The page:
Cycling the world at 74

christian seiersen

Not many people would swop a night’s sleep in a regular bed for a snooze on grass on the side of the road in Woodlands.

Yet a 74-year-old cyclist from Italy is happy to do so.

 Meet sprightly Janusz Rivers, who has been cycling solo around the world for the past nine years, getting by on the equivalent of $5 a day and sleeping rough. All this at an age when most people are sitting out their golden years in a comfy chair, not on a tiny leather saddle.

 The intrepid (some would say eccentric) bachelor is visiting Singapore for the first time, having flown here from Poland on Tuesday. He is here to start the South-east Asian leg of his seemingly never-ending journey.

 He aims to cycle across the Causeway, cover the whole of Malaysia and southern Thailand before returning in April for a month’s rest. He will then fly to Papua New Guinea to cycle there and on through Timor Leste, before flying to Australia in early 2011.

 Rivers, a retired sports manager, is being put up here by the Ministry of Community Development, Youth and Sports at the Singapore Sports School in Woodlands. Despite having a comfortable room to stay in, he reveals that he left it at midnight on Wednesday to sleep on a patch of grass he had found by the road.

 “I always sleep in the open. It’s quiet and natural,” explains this self-described “citizen of the world” who has no home base.

 Rivers hails from Poland originally but moved to Rome in 1979 until the call of the road hit on Dec 31, 1999, and he began his journey. He tours an area for about five months, rests for a month or so in one country he chooses as a base, and then continues.

 He claims to have travelled to 115 countries, been kidnapped 30 times and survived a potentially deadly snake bite. What’s more, he has made his epic journey on the same US$50 bike he bought when he first set out. The frame is original, but the tyres and gears are changed yearly.

 Amazingly, he has not had a single puncture. He credits this to his German puncture-proof tyres, which he changes twice every six months.

 Unlike some adventurers, Rivers is not undertaking his journey to raise money for charity or draw attention to himself. He says he is financially comfortable and is doing this just to stay active.

 Speaking to Life! at the Singapore Sports School, he recalls the fateful New Year’s Eve when he decided he wanted a change in life. “I was sitting at home, eating macaroni and sipping Italian wine, when I thought, ‘I’m getting old. What can I do with my life?’ ”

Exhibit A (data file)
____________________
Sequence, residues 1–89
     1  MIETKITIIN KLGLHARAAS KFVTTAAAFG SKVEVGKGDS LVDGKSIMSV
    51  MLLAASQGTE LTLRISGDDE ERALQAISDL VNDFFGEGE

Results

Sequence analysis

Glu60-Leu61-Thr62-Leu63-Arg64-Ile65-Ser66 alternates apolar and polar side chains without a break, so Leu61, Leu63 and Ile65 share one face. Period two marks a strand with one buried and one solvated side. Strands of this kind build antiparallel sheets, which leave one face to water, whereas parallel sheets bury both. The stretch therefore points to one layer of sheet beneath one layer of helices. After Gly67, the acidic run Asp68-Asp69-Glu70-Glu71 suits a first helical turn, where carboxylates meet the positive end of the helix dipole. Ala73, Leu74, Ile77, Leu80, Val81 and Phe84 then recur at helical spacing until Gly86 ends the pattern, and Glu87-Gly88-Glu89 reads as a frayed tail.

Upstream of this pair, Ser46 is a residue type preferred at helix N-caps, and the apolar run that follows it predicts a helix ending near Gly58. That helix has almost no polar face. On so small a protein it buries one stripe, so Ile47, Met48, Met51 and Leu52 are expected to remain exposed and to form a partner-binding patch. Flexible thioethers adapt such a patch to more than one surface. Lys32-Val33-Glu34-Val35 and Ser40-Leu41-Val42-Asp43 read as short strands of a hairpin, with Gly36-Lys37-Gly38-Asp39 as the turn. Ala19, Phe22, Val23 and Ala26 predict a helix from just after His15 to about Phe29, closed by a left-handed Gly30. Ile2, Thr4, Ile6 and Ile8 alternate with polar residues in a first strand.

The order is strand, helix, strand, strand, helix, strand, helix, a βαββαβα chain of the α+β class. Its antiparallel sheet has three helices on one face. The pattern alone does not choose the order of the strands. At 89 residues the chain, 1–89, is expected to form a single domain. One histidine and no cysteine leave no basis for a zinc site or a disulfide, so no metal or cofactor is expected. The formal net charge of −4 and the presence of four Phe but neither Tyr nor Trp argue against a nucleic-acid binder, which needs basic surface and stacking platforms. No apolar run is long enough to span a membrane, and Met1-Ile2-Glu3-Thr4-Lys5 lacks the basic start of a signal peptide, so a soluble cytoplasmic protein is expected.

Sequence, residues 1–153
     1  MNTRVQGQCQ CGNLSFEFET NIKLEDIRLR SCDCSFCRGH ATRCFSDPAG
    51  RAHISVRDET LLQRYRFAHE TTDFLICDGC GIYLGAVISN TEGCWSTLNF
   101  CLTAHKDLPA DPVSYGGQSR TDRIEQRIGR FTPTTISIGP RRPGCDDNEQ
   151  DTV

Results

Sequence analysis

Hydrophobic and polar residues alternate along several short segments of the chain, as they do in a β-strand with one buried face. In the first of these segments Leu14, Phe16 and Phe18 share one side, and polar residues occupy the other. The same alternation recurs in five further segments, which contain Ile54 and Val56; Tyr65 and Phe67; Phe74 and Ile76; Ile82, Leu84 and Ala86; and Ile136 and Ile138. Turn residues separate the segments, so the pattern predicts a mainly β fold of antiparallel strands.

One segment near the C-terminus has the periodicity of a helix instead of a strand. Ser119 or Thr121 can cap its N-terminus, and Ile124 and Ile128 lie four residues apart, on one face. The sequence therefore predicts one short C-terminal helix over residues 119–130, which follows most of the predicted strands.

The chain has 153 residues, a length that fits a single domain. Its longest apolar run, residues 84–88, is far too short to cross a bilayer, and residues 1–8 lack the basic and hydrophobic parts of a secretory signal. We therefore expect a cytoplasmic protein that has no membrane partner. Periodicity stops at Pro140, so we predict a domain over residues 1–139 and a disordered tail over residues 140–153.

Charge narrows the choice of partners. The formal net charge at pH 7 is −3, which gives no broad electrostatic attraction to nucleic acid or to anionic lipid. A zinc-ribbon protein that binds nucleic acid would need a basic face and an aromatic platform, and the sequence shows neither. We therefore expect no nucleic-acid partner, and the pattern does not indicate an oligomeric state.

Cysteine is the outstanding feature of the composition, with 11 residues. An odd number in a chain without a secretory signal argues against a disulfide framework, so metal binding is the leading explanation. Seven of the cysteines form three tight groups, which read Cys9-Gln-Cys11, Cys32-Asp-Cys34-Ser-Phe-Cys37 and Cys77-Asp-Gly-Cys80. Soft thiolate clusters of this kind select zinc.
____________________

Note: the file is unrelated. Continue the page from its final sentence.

The next day, he bought a cheap bicycle and jumped on a ferry bound for Lanzarote in the Canary Islands. He says the decision was easy because he is not married and has no children.

 From Lanzarote, he went back to Europe and cycled north to Norway in five months. It marked the beginning of his love affair with the open road that he says has taken him 125,000km across the world. He reckons it is the best way to see the world.

 Each day, he aims to travel 30km. Every country he visits, he ensures that he has the sanction of the local government. He obtains this by either faxing or calling ahead, and the government usually provides his accommodation and food.

 He sticks to the backroads so that he can interact with locals.While traversing the desert in Egypt, he says the local tribes would follow him on their camels to give him food and water. He says he has encountered generosity everywhere, and claims it is almost impossible to spend any money. This is just as well, as his prize possessions on the road consist only of an Italian coffee maker and a small radio.

 He names Cuba as his favourite country so far, where he says he was the first tourist to cycle around the island without a police escort.

 Rivers’ world tour was scheduled to finish at the Beijing Olympics last year, but after taking a fitness test at the Russian space centre and finding that his heart and lungs are strong, he has set his sights on the Rio de Janeiro Olympics in 2016.

 Then he plans to stay in a South American village for the rest of his days. But for now, when asked why he keeps on cycling, he says: “I don’t want to be found dead in front of the TV.”

 Source: The Straits Times/By Christian Seiersen